Joint head of Dreweatts picture department Brandon Lindberg said: “It was very encouraging to see so many bidders but, having handled British 19th century art for over two decades, I know how strong the market can be for great images, with good provenance, that are fresh to the market and well-priced.”

Lindberg pointed out that the 70 pictures from the Berwick House collection at the sale, which included some notable Victorian works, had not been on the market for 150 years and drew a good response “even for works that were not necessarily by the most important artists of the period”.

“I think this area still represents tremendous value for money and collectors are coming to realise that,” he added.

Bridell’s Rome

Furniture from this Shropshire estate was sold by Dreweatts earlier in May. On May 27 two views of the ruins of ancient Rome by Frederick Lee Bridell (1831-63) caught the eye in particular.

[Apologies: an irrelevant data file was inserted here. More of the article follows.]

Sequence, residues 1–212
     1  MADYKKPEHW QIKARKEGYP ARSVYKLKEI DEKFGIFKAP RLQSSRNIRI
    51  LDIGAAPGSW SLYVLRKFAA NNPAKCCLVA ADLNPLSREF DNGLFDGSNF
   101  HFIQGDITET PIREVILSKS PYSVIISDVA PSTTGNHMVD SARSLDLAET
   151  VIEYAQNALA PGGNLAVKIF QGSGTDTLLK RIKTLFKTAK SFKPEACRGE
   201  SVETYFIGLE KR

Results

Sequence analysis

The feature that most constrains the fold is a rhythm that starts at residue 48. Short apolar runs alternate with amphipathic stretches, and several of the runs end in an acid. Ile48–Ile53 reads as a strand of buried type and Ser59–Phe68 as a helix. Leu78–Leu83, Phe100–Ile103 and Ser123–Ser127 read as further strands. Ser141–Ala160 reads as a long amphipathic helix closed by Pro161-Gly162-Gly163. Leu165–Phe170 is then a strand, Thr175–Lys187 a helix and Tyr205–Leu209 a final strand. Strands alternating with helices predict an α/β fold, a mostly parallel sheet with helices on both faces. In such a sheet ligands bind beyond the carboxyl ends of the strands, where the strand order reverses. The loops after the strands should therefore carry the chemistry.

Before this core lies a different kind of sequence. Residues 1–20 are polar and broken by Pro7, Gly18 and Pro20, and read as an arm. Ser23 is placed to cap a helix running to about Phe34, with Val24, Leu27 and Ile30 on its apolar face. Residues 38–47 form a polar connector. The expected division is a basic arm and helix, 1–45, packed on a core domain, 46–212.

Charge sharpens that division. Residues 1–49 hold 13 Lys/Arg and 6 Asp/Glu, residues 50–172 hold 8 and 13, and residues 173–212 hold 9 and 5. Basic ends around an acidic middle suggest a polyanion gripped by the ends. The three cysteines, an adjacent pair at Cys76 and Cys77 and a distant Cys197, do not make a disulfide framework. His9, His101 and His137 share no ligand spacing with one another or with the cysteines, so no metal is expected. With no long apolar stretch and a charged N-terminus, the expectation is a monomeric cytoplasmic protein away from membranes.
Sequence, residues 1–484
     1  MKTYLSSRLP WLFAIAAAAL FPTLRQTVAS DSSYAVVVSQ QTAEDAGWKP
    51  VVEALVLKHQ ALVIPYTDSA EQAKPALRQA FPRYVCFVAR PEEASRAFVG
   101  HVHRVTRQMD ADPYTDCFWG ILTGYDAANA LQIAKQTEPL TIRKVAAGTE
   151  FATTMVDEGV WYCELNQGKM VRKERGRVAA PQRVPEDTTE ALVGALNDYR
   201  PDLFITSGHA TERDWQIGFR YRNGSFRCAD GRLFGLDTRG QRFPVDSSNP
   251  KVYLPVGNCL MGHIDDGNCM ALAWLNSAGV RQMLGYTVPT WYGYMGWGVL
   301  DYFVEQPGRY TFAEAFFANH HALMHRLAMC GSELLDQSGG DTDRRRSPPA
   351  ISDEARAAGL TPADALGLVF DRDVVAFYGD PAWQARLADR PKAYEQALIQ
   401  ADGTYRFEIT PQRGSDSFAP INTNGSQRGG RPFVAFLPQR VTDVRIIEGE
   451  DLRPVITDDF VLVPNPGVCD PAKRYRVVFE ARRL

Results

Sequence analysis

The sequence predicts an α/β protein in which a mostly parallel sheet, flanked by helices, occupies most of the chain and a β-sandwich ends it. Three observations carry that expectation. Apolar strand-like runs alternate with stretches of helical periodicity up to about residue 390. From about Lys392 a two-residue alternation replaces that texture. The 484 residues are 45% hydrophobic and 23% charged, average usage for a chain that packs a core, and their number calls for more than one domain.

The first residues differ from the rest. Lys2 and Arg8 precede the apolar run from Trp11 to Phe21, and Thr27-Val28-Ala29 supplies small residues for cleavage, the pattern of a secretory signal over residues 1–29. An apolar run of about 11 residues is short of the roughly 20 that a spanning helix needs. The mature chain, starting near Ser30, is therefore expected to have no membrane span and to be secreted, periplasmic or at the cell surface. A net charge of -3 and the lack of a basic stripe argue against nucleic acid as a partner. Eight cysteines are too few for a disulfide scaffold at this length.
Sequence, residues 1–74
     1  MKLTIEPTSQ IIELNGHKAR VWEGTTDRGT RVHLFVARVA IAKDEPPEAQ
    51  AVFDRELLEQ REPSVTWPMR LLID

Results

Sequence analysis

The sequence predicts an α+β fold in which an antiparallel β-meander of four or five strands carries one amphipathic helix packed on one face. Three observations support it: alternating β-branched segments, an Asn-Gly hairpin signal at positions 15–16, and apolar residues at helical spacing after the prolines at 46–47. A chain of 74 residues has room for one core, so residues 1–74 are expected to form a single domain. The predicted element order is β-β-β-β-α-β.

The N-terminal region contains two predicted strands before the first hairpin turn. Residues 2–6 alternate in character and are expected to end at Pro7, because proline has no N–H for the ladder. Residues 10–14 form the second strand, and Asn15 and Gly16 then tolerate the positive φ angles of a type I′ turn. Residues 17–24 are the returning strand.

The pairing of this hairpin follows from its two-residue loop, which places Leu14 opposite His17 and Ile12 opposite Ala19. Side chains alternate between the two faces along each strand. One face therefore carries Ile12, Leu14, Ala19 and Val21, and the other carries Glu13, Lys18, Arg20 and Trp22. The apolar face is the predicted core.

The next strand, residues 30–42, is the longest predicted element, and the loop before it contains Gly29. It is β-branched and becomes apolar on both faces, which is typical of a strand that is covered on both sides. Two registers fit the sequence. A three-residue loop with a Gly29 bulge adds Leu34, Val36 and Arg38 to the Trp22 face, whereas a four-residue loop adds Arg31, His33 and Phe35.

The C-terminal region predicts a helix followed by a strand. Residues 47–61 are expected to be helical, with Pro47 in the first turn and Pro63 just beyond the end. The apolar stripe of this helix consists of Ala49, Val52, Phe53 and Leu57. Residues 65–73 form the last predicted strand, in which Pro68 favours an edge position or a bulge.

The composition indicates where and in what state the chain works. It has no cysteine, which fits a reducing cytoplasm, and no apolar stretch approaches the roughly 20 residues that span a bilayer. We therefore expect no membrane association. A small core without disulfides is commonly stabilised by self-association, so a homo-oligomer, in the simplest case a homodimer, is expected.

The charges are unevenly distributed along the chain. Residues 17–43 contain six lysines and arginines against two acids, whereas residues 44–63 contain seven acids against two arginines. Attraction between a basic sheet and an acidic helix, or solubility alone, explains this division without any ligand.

They had been in Berwick House since the 1870s when the property was acquired by shipbroker and merchant James Watson. The paintings, both signed oils on canvases from 1862, were bought from London dealer Arthur Tooth and Sons.

Almost identically sized at approximately 2ft 10in x 4ft 1in (88cm x 1.24m), one depicted The Arch of Titus at Rome looking towards the capital and the other showed The Temple of Saturn, the Forum and the Colosseum beyond.

The works dated from Bridell’s spell in Italy in 1858-62, a period deemed the most successful and productive of his short career (like his mentor Richard Parkes Bonnington, he died young of tuberculosis).

They demonstrated the way the artist vividly captured the sense of the classical past but also the everyday lives of shepherds, herdsman and townspeople going about their work.

Both works were estimated at £20,000-30,000 at Dreweatts. Selling to different UK buyers, The Arch of Titus… took £31,000 and The Temple of Saturn… made £30,000.